Moving day is an especially “moving” experience for people involved in farming, ranching, or working in agriculture in any fashion.
The move, whether from one farm to another, to a different occupation, retirement, or to something else, is a highly emotional event for every individual on the farm and even more traumatic when the next home is away from the land.
The changes in living arrangements can trigger significant psychological upheaval. Leaving the farm that has been home brings our attachments to where we live into the foreground.
Memories of important events that took place at the departing home emerge. These memories are unique for everyone, at every age, and the reminisces may be good or bad.
For instance, a farm youth might reflect back on a favorite 4H animal that became more of a pet than a project. A mother might recall fond feelings while feeding her babies at night in the room next to where she and her husband slept. A farm man may remember the sadness he felt as he viewed a field of tangled corn stalks after high winds caused greensnap that wrecked prospects for a bumper crop.
Moving day for farmers during past eras was often accompanied with help from neighboring farm families who loaded machinery and tools onto the flatbeds they usually used to haul hay to barns or shocks of small grain to the threshing machine that separated the grain from the straw. Household items were seldom boxed as they were transported by wagons, trucks and any other available vehicles to the next home for the farm family.
Moves by farm families were community affairs that generated excitement and encouragement from the neighbors and appreciation from the family making the move, even if the move from the farm was brought about by economic hardship or retirement from farming. Nowadays, moves are largely handled by the family and employees involved in the agricultural operation or by paid professionals who specialize in moving farm equipment and households as their business.
Information from the USDA Census of Agriculture that is undertaken every five years, indicates that turnovers of farming operations have always been common and are associated with episodes of economic hardship, such as the 1980s’ farm crisis, while consolidation into ever larger agricultural operations is responsible for the ongoing reduction of farmers on the land. Of note, the 2022 Census of Agriculture is being distributed currently for completion by farmers by early 2023.
Attachment to the land is the driving force that makes moving to new places so emotionally complicated for everyone involved in agriculture. All humans possess some degree of a drive that is called the agrarian imperative.
Like nearly every species, our ancestral hominids were motivated to secure territories that furnished them food, safe places to live, and opportunities to reproduce. The earliest forms of humans gradually acquired capacities through the genetic selection that gave them advantages over competing species, such as the ability to use their hands for making tools and for their vocal systems to form words.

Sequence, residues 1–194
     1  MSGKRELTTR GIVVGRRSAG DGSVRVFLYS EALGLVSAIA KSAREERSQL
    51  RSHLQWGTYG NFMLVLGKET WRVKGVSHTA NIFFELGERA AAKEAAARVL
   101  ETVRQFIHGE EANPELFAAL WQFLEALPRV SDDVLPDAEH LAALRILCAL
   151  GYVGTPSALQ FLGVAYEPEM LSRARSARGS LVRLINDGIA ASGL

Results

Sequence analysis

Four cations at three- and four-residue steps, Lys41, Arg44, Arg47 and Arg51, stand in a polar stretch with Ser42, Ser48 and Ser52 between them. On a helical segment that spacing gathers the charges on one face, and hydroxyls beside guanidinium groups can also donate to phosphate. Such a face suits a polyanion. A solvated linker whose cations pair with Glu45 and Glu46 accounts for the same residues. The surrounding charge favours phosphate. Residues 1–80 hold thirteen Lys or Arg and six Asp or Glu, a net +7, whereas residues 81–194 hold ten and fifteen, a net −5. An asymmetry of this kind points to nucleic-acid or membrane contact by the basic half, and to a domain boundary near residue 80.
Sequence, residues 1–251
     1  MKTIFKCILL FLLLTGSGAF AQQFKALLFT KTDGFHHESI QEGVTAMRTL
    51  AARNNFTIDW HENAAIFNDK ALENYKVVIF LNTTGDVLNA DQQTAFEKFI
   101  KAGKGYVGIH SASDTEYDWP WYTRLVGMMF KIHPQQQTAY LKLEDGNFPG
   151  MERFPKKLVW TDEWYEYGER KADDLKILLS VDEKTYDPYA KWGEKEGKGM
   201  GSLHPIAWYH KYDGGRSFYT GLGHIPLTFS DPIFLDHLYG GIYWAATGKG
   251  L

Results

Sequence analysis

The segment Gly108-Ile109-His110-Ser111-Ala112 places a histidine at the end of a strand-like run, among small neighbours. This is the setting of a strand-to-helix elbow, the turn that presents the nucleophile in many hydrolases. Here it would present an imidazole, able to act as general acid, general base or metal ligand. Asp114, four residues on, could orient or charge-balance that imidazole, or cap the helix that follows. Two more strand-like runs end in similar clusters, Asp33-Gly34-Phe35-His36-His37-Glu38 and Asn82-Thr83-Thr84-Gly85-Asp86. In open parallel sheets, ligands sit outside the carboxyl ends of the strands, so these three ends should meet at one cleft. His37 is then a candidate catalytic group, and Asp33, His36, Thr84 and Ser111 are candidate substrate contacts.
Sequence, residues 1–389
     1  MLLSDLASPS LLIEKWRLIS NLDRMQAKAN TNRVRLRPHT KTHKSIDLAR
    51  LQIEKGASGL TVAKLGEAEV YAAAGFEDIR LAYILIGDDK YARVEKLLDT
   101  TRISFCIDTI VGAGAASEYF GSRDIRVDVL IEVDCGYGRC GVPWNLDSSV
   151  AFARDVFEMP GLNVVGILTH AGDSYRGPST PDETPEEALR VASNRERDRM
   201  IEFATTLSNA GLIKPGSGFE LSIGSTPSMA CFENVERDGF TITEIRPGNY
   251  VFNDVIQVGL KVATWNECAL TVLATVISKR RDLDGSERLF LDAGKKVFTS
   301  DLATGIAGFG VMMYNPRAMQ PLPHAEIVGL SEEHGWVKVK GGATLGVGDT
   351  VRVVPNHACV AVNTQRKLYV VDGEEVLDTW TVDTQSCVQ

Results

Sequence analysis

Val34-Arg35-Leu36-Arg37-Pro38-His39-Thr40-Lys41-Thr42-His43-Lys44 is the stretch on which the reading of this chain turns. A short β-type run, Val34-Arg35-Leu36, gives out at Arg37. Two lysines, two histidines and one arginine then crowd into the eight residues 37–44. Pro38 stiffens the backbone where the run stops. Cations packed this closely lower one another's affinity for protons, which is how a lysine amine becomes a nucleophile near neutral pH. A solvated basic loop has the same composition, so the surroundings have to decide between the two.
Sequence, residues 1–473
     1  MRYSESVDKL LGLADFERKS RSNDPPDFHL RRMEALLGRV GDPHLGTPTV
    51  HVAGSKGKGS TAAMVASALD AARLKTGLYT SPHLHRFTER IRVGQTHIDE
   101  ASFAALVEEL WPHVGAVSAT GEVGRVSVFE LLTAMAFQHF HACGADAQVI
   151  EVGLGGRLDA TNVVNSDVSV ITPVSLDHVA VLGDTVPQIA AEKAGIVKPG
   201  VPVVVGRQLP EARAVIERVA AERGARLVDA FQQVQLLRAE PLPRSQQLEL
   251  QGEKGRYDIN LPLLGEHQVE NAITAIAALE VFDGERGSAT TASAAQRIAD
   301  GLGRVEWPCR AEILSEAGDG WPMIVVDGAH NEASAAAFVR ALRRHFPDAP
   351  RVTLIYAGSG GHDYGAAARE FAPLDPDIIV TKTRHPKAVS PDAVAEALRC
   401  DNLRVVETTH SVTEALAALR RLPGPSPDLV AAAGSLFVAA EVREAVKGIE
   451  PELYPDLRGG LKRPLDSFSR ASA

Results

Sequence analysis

Increasingly modern humans with larger brains than their predecessors in central and northern regions of Africa outgrew the carrying capacity of their habitats; they pushed northerly into Southwest Asia and Europe in search of territories for their communities. Successive waves of ever more sophisticated modern humans spread by land and sea to Australia, the Pacific Islands, and North and South America.
Agriculture gave tremendous advantages to people who adopted farming techniques to produce crops, livestock, and other species needed for food, clothing, tools, and other purposes. With sufficient basic necessities for survival through perils such as droughts and attacks from other tribes, communities could become permanent. Fewer people were needed to furnish the basic necessities, which allowed others in the community to specialize in construction, arts, and crafts, government, education, religion, herbal medicine, and even primitive behavioral healthcare in the form of discussions between troubled community residents and a witch doctor.
Human culture and knowledge advanced over just a few thousand years led to systems of numerals, writing with alphabets, the scientific method, and eventually the basics for the fields of mathematics, philosophy, physics, medicine, and areas of expertise that became the forerunners to many of our current academic disciplines.
Agrarian urges to produce food, materials for clothing and shelter became stronger during the many successive generations of modern humans who flourished after agriculture was invented. The concentration of our agrarian imperative through selection of the most successful farmers explains why it is difficult for people to leave farming for other lifestyles, including retirement.
Farmers want to be useful, especially to their successors. Leaving places to which they became emotionally attached is difficult, even if necessary.
Understanding how our agrarian imperative charges farmers emotionally can help them when undertaking moves, and everyone, for that matter.